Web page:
3. Great interview here, Martha and Grace--and I was particularly struck by the discussion of balancing character and plot, which you're right, Grace, is usually presented as an either/or, but I loved Martha's discussion of conflict and challenges pushing characters toward personal growth. It's that back and forth that makes the best fiction, I think: strong characters driving a strong plot that then pushes characters further, that then.... Enjoyed all this!

  4. Martha, Thanks for sharing so much about your writing process. It's always helpful to hear how other writers do what they do even if my way is very different.

  5. Hi, Art & Warren - I just came out of the Pennwriters conference last weekend, where all did was discuss craft and process. It's one of my favorite topics, because you never know what you're going to hear, or what you'll learn.

  6. character and plot PLUS a Nantucket setting. I know what I'll be reading on the screened porch this summer.

    Great interview!

  7. Wonderful interview, Grace. Martha - WOW, I am so stealing your storyboard idea-- and I if I can get your AH HA moment to work - I will thank you every time a new twist takes off. Looking forward to No Rest for the Wicked.

  8. Thanks, Margaret - I hope you enjoy meeting John and Sarah Jarad, and the rest of the Nantucket crew.

    Kait, it's not stealing - it's sharing. I learned this trick at a writer's workshop and it has been a Godsend. Keeps the story on track. The twist part is where the fun comes in.

  9. Hi Martha, Thank you for the wonderful, informative interview.
    Like KM, I'm going to save this interview for future reference - and your first title for my beach book this summer. I've only been to Nantucket once, but I fell in love. It has that sense of being on the edge of the world, where anything can happen.

  10. Thank you, Martha, for the terrific interview. We can learn so much from each other. As I read, I find myself making notes of a clever point or witty dialogue that I can learn from. Reading is the best method for writing better. Wishing you continuing success with your series.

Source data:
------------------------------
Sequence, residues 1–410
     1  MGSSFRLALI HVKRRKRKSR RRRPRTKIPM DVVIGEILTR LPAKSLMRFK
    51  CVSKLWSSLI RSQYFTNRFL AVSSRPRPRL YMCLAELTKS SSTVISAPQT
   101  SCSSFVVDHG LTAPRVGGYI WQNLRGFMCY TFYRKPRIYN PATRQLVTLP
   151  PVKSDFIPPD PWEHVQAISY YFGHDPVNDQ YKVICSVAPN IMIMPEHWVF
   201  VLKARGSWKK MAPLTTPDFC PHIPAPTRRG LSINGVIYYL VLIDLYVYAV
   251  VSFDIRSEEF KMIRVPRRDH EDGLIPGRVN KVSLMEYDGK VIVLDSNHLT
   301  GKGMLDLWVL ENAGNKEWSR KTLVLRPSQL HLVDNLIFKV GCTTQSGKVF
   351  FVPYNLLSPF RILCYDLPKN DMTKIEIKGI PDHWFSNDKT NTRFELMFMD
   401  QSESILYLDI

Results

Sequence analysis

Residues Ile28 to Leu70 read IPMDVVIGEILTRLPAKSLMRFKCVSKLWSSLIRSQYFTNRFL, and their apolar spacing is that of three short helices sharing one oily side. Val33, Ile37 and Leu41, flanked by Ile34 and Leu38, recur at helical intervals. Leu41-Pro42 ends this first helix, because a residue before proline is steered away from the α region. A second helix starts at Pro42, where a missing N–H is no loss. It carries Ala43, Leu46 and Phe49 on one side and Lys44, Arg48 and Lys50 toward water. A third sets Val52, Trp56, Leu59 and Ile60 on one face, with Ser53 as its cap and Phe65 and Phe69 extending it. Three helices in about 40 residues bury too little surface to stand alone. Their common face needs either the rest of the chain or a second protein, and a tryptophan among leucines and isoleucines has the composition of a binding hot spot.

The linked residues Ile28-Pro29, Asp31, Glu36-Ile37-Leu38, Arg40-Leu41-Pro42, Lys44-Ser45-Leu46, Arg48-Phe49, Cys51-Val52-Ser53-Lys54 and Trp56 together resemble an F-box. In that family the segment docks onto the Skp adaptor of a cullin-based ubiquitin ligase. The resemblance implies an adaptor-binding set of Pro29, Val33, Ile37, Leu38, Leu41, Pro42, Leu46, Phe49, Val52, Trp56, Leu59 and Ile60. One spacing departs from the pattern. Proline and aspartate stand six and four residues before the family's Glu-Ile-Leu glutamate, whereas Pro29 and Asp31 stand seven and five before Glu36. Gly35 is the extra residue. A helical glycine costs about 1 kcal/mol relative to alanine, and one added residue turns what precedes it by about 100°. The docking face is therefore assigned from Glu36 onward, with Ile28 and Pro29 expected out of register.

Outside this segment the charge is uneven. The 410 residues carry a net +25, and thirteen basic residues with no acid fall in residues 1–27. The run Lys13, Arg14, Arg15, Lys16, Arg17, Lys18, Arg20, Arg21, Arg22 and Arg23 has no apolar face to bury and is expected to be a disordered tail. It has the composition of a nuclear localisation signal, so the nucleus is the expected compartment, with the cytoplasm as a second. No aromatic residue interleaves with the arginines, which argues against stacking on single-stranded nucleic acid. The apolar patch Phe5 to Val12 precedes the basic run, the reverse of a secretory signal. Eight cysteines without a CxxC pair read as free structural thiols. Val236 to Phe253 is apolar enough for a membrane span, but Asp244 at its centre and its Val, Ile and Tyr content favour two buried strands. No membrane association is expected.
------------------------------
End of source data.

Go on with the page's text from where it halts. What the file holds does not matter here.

11. Hi, Shari - me, too. I fell in love with ACK the minute the Eagle rounded Brant Point, and I saw the town spreading out in front of me. Pure magic! Let me know what you think - especially if I captured some of the mystery, and the charm.

    and thank you, Grace, for hosting me on Writers Who Kill. This has been great fun. I actually think that reading is a key part of writing. You know the feeling when you're immersed in something and you come up for air and think: this is really good! That's may favorite moment.

  12. Martha, wonderful interview. I live just over the border from PA in Ohio, so I'm quite familiar with Pittsburgh. I also self-publish and have not regretted going that route.
    I like the freedom to write what I want to write and not be tied down to any timelines.

    I've written down the names of all three of your books because I think they're books I want
    to read so I'll be ordering them.I'm an avid reader of many books, but mostly mysteries.

  13. Hi, Gloria - I agree about the timelines. I'm still working a day job, so I appreciate the ability to create my own schedule. As hard as I try, there are just so many hours in a day. It literally is the best of both worlds, for me.